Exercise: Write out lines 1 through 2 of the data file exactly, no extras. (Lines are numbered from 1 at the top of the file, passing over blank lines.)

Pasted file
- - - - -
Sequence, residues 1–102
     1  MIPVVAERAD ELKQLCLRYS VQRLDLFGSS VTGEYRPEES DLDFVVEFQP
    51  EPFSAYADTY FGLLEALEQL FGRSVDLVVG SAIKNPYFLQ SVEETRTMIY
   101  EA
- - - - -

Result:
Sequence, residues 1–102
     1  MIPVVAERAD ELKQLCLRYS VQRLDLFGSS VTGEYRPEES DLDFVVEFQP